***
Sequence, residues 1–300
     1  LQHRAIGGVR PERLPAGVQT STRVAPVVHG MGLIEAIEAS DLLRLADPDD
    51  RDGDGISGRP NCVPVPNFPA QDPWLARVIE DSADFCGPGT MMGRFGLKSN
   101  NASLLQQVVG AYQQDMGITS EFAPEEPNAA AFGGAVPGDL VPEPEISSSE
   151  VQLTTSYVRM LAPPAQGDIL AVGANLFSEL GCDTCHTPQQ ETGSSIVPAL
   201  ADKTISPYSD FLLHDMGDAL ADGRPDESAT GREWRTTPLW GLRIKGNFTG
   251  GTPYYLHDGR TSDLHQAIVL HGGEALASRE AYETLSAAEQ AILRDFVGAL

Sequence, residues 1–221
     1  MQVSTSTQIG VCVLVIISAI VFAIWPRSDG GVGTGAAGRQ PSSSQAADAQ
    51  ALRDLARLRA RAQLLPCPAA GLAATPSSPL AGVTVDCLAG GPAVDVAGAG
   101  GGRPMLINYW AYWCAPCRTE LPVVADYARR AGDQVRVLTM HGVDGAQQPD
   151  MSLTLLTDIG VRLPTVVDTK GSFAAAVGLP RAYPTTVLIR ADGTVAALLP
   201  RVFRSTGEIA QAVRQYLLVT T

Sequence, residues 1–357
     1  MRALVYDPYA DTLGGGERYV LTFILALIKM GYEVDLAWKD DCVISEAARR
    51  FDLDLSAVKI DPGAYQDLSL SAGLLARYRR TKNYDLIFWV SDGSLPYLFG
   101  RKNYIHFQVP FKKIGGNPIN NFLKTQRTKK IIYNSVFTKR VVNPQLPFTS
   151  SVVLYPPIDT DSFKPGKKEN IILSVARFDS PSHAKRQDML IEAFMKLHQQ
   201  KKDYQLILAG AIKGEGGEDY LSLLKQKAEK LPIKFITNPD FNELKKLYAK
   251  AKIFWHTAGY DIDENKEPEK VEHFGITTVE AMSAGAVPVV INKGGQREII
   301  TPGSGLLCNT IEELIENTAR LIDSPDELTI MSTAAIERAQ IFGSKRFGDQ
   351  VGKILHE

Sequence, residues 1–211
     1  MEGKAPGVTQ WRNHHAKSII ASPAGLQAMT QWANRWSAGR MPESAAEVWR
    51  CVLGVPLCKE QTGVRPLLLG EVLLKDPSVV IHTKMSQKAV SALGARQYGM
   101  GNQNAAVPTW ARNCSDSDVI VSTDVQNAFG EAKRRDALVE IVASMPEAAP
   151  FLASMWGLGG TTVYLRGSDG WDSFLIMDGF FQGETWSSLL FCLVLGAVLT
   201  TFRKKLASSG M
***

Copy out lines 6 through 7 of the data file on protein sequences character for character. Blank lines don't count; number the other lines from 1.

   201  ADKTISPYSD FLLHDMGDAL ADGRPDESAT GREWRTTPLW GLRIKGNFTG
   251  GTPYYLHDGR TSDLHQAIVL HGGEALASRE AYETLSAAEQ AILRDFVGAL